Thursday, June 22, 2017

Getting back in the game (with the #babysitter) #lesbian #erotica

An Excerpt from...
by Giselle Renarde

Lola had been asleep for hours by the time Cynthia got home from her big date. First time out with a man since the divorce. I half expected her to burst through the door, drunk as a skunk, dragging the guy upstairs for an I-haven’t-had-sex-in-four-years fuck.

I was sitting in the living room, watching TV and eating Lola’s fruit snacks, when Cynthia walked in and said, “Well, that was a bust.”

Turning off the TV, I swivelled around to see her. For a woman her age, she looked pretty kick-ass. And I guess she wasn’t old-old. She worked with my mom, but they weren’t the same age. If I had to guess, I’d say Cynthia was… maybe forty? Hard to say.

Sometimes she looked tired and run-down, but not tonight.

Tonight she looked defeated, but gorgeous.

“What’s wrong?” I asked, though I didn’t expect her to tell me.

She’d never confided in me before, but I guess she was super-down-in-the-dumps that night, because she collapsed on the couch like I was her therapist. “I don’t know how to date, Lin. It’s been years! You know I started going out with my husband in college? I was nineteen when we met. Nineteen—that’s the last time I went on a first date with a man.”

“Oh,” I said, second-guessing my psych major status, because I felt super-uncomfortable listening to the woman vent about her personal life. “So, I’m guessing it didn’t go well with Ed?”




“Yikes. Sorry.”

Cynthia sat up on the couch. When she leaned forward to grab the box of fruit snacks, her breasts nearly popped out of her low-cut dress. “Tell me the truth, Lin: am I not attractive? Is that the problem?”

If she’d caught me staring at her tits, she’d have known that wasn’t the problem.

“It’s not you,” I said. “It’s men. They’re idiots.”

“Easy for you to say. You’re a lesbian. You don’t need a man.”

My blood ran cold when she said that, not because I was ashamed or anything. More that I couldn’t believe my mom had outed me to her coworkers.

She didn’t wait for me to speak. She just asked, “What am I doing wrong? Is it my dress?”
She stood up to showcase the tight-fitting red gown that was both sophisticated and playful. It hugged her curves like you couldn’t believe, drawing my eyes, once again, to her magnificent boobs.

“It’s definitely not the dress,” I said.

Again, she collapsed on the couch. “If it’s not my looks and it’s not my clothes, it must be ME.”

I kinda didn’t know what to say. Because, yeah, it totally was HER. If she treated her date in that superior and condescending way she spoke to her first husband, then yeah.

I’d been babysitting for Cynthia since Lola was a toddler. I’d seen a lot, over the years.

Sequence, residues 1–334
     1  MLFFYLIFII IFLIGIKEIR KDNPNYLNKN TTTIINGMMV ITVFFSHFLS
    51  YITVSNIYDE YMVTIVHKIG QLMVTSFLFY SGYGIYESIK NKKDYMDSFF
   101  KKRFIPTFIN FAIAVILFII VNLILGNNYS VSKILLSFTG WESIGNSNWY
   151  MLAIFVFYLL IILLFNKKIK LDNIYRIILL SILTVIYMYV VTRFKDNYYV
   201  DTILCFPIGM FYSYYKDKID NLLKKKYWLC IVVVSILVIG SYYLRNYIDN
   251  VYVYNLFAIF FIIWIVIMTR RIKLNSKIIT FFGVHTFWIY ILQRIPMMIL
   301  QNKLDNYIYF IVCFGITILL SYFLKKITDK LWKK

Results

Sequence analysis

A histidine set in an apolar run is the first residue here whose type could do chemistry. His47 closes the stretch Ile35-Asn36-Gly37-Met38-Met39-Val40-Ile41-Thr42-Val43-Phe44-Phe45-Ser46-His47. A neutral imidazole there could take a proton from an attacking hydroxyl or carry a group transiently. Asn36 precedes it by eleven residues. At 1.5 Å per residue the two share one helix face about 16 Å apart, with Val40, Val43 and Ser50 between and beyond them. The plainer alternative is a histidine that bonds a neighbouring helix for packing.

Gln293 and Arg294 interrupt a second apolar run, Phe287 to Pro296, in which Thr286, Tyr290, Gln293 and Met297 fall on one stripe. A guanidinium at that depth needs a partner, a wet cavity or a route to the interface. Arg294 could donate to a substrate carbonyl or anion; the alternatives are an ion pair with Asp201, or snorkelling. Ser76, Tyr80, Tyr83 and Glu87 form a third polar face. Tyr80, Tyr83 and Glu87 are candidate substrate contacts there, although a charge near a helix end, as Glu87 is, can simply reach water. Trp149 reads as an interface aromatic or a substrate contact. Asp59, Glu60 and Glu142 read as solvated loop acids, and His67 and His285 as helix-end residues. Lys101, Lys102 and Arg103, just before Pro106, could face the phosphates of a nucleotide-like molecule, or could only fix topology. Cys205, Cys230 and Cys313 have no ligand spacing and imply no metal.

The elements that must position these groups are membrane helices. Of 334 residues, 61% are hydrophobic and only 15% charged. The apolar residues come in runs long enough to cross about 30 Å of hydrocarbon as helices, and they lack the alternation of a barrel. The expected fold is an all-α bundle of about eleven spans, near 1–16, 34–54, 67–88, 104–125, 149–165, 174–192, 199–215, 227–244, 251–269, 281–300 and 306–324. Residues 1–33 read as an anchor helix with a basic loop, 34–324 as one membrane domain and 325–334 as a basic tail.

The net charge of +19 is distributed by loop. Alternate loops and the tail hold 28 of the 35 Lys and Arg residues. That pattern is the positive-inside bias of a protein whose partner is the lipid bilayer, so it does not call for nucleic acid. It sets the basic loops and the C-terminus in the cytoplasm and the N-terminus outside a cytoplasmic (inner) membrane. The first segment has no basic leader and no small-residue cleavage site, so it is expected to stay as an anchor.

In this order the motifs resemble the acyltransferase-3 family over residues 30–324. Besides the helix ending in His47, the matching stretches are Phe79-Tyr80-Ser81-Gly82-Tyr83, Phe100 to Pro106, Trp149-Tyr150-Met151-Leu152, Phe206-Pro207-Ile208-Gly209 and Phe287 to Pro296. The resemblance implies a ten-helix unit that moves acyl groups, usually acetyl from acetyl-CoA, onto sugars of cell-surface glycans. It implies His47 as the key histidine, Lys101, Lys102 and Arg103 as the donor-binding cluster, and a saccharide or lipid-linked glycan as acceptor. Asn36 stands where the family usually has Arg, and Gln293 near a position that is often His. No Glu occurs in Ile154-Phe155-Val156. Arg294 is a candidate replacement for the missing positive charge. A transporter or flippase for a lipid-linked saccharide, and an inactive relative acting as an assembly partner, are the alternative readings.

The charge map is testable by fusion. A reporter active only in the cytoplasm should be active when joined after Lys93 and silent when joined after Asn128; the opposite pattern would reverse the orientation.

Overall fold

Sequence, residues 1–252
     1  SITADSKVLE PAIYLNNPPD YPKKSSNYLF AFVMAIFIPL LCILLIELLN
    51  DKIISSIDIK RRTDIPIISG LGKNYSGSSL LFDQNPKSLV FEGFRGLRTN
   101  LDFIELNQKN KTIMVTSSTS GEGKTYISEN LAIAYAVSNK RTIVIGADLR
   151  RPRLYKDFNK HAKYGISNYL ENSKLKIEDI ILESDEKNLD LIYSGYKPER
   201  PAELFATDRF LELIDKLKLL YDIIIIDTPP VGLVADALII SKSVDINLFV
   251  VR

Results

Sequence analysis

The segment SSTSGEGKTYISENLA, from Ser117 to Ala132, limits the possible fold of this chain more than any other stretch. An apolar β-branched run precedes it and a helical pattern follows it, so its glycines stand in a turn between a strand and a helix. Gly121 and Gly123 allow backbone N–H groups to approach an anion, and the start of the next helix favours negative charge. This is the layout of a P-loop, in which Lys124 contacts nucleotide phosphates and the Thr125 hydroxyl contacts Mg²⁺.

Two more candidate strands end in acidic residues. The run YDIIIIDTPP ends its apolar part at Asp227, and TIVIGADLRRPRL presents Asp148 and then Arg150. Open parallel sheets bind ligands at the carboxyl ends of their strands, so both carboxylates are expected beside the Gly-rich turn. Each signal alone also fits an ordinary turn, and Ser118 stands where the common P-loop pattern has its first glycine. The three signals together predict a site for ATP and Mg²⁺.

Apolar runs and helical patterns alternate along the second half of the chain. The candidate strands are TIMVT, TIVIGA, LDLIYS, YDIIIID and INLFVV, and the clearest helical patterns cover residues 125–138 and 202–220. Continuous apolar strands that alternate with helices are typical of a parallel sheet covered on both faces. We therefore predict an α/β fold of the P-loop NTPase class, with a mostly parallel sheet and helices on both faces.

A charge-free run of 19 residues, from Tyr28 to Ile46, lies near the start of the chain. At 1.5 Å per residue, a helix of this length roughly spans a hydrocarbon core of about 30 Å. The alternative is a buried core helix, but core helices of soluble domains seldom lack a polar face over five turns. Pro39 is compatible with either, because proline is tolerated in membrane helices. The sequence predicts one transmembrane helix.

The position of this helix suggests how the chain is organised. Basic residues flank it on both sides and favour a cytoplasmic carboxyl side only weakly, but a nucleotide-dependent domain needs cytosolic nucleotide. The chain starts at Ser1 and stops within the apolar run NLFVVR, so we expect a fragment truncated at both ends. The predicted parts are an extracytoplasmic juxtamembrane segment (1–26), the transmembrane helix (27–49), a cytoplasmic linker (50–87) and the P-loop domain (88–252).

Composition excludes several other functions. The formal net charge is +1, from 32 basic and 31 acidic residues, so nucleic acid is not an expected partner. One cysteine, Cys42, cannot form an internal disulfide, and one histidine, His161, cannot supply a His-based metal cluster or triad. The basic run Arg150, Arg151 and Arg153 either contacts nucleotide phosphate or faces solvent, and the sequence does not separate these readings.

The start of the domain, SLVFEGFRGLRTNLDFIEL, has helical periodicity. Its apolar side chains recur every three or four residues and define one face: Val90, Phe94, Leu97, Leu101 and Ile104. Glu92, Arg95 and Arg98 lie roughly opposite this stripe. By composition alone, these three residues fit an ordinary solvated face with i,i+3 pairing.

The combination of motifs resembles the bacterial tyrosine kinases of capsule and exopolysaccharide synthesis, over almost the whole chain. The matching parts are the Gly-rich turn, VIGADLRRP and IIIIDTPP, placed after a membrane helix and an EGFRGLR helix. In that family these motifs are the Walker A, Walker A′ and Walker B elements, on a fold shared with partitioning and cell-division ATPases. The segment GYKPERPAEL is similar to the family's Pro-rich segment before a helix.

But I didn’t know how to tell her that. Some therapist I’d make, huh?

“I invited him in for coffee, Lin. I invited him in for coffee and he said NO. Why would he say no?”

“Maybe he doesn’t like coffee.”

“Oh, he likes coffee. We work together. I’ve seen him drink entire pots of coffee.”


“Anyway, coffee doesn’t mean coffee. Everybody knows that.”

I tried to think fast, come up with something that might console her. So I said, “Well, he knew I was here. Maybe he thought it would be awkward because you’d have to drive me home.”

Cynthia gave me a look that said GIMME A BREAK and I shrugged. I didn’t have all the answers.

“Or maybe it’s because Lola’s in the house.”

“Lola sleeps like a rock.”

“He doesn’t know that.”

“Stop making excuses for him!”

“I’m not!”

Jeeze, it’s not like I was taking sides. I didn’t even know the guy. I met him for five seconds when he picked her up and all I could think was, “Cynthia, man, you can do better than this loser.” He was a balding, pudgy old guy with the personality of a lumpy bowl of oatmeal.

“What did you talk about?” I asked.

“On the date?”

“Yeah, on the date. Of course on the date.”

Cynthia tore into a packet of fruit snacks, but the plastic burst and the gummies flew across the room. “Damn it. Just my luck.”

“I’ll get them.”

I slumped onto the floor and picked up fruit snacks while she listed off the things they’d talked about at dinner: divorce, kids, lawyers, work, lawyers’ fees, child support, ex-spouses…

Finally, I just had to say, “You know, I’m no expert, but I don’t think that’s the best way to hook a guy.”

“What’s not?”

“Talking about your ex, for starters. Talking about divorce. No offense, but I’ve heard you talk to my mom about divorce. You come off kinda…”

“Kinda what?”



I sat on my feet on her carpet and scrunched up my nose. “I don’t want to say.”

“Just say it.”